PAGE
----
Medicine has advanced the treatment of Cystic Fibrosis and sinusitis (CF) significantly in the past 10 years. Various measures that clear the lungs are becoming standardized. The Cystic Fibrosis Foundation as well as other support groups have been contributing not only to uncovering a cure but in helping the patient and their families as well. In 1989 the gene etiology of this condition was recognized and gene therapy is now being actively pursued. The CF patient fails to have normal mucus clearance. Thick tenacious mucus keeps bacteria from being cleared and prevents antibiotics from being effective. Clearance of mucus from the chest therefore is a paramount treatment objective. Various physical therapy methods include chest percussion, forceful exhalation, various dilators, postural drainage. The flutter device uses sound vibration to help reduce the thickness of the mucus. Inhalation of drugs that break down the structure of the mucus are in use. A similar thick fluid causes sinus infections. Nasal polyps are common. This is a type of bag of water where the liquid is maintained within the cell so that the cell expands and blocks the nose. A mucocele can develop, often in the frontal sinus. This is a similar bag of water within a membrane that expands and puts pressure on the sinus wall. Headaches in the frontal sinus area – above the eyes – is a common sign. Pulsatile irrigation is useful in several ways. First it can remove thick secretions from the nose and sinus. This is important because removal of thick secretions helps to restore regular methods of body resistance. Pulsatile irrigation helps remove bacteria. Any reduction of...

Do I need sinus surgery?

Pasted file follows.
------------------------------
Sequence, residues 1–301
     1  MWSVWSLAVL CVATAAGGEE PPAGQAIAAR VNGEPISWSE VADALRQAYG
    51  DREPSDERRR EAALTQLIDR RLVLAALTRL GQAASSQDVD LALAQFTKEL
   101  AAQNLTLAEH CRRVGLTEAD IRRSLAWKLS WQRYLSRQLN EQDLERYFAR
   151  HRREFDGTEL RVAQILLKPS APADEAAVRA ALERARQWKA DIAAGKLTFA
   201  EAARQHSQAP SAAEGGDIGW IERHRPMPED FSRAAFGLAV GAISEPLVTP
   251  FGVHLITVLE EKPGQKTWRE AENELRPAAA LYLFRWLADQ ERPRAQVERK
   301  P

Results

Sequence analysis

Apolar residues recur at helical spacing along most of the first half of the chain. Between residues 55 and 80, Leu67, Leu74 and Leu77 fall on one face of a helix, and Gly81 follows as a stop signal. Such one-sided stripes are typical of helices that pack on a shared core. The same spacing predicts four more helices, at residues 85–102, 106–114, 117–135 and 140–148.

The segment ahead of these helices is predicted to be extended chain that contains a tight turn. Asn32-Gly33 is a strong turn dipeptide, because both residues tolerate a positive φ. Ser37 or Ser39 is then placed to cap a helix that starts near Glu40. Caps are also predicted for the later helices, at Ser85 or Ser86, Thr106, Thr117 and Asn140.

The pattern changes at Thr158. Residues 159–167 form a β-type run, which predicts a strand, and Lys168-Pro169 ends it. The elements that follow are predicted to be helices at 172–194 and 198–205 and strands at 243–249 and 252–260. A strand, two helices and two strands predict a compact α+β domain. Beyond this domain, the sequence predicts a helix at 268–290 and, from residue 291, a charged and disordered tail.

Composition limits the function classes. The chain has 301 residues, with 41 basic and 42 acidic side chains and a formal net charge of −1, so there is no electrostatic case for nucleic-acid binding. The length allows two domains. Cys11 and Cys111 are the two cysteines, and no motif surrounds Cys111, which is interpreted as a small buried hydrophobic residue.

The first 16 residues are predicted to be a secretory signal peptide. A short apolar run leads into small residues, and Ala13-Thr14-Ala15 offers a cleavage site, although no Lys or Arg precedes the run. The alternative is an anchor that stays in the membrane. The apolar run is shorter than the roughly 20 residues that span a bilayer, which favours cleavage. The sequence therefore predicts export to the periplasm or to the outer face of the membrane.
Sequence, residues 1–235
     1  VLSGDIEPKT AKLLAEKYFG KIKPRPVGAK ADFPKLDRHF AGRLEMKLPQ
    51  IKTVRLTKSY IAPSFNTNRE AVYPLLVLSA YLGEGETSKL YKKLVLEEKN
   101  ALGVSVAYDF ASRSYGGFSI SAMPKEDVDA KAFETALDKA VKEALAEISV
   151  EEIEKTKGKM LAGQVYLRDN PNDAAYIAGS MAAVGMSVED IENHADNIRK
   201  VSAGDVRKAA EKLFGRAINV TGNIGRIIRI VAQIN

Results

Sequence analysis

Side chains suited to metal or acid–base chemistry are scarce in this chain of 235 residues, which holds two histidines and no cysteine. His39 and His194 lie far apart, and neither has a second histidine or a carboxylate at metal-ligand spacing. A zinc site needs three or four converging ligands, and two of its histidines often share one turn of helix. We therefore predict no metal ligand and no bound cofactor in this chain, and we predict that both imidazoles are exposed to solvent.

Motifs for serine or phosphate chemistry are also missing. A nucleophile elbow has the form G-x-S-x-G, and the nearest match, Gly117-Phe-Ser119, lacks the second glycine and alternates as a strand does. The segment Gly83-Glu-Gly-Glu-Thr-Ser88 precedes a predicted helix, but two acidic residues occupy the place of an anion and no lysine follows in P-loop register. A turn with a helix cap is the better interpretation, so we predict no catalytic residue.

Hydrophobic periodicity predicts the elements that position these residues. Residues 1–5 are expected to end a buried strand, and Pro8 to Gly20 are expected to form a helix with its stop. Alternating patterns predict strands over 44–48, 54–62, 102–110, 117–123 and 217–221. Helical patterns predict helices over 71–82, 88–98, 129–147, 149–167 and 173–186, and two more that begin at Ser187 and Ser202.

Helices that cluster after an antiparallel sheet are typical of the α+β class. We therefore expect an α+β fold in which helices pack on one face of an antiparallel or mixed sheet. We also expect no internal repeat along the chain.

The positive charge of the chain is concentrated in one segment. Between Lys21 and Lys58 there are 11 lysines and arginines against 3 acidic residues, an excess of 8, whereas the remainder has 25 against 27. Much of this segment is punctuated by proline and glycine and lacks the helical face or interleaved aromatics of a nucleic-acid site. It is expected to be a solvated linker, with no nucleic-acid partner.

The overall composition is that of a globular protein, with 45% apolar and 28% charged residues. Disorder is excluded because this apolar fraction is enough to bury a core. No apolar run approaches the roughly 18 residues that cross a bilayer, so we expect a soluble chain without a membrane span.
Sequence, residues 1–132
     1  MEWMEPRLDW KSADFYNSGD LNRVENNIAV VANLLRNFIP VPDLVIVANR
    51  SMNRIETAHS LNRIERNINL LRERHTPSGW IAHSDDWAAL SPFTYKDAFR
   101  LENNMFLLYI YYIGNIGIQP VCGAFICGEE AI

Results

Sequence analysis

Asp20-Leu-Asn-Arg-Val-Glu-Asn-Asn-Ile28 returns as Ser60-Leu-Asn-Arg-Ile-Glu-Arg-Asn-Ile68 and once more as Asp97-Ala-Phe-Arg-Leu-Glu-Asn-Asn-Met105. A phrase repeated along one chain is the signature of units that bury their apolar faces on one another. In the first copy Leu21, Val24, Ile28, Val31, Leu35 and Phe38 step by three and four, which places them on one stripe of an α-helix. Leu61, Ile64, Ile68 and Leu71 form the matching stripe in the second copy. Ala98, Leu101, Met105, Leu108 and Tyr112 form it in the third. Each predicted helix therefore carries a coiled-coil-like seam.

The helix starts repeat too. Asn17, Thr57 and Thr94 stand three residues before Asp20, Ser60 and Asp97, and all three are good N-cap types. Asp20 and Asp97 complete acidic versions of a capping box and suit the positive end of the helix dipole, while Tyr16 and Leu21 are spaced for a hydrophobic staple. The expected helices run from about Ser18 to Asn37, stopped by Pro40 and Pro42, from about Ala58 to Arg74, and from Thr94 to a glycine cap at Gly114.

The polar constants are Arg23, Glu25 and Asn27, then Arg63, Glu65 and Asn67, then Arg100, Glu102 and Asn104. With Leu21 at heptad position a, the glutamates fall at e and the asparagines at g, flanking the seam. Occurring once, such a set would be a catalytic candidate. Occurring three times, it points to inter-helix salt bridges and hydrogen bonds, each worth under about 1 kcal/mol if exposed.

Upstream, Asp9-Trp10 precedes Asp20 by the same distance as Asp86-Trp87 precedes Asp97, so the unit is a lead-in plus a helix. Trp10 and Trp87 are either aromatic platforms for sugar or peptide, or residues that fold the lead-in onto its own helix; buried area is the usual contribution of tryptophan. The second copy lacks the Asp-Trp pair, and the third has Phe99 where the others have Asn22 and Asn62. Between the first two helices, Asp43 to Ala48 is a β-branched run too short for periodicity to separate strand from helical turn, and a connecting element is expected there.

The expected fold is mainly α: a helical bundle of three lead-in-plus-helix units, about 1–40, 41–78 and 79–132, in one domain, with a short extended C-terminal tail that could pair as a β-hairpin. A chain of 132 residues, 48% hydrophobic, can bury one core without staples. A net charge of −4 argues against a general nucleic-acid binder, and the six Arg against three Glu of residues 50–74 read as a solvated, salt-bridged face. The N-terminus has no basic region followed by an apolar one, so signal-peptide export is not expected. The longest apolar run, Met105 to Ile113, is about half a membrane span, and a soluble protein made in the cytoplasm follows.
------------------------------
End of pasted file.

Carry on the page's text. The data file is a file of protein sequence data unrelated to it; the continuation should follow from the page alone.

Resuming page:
I get a lot of questions asking about having surgery of the turbinates. Here are some answers. What are turbinates? The turbinates are shelves on the side of the nose. The main ones are the middle and the inferior. They normally enlarge and shrink. They especially enlarge with a cold or infection because blood is coming to the area to fight infection. They enlarge with allergy, and become pale and swollen. Sometimes they happen to be swollen on the day you see the doctor, and if you are complaining that your breathing feels blocked, it makes sense to reduce their size. Enlargement of the turbinates can, at times, be seen on an X- ray. BUT What Do Turbinates Do? The turbinates serve a major function. They warm inhaled air before it enters the lungs. They are covered by millions of cilia which defend the body against contaigons and irritants in the inhaled air. They provide an environment for the good white blood cells, and a bacteria-fighting enzyme called lysozyme, to gather and fight infection. They act as a baffle to better direct the flow of air. No matter how much your turbinates seem to cause you trouble, you don’t want to just remove them. If you did, you would have dryness, crusting and sensations of burning pain. Doctors have therefore come up with various ways to reduce the blockage of your nasal passages without removing your turbinates and their cilia. Surgery Methods One technique is to just remove a small amount, not enough to take away too much cilia. In certain cases the position of the turbinates is such...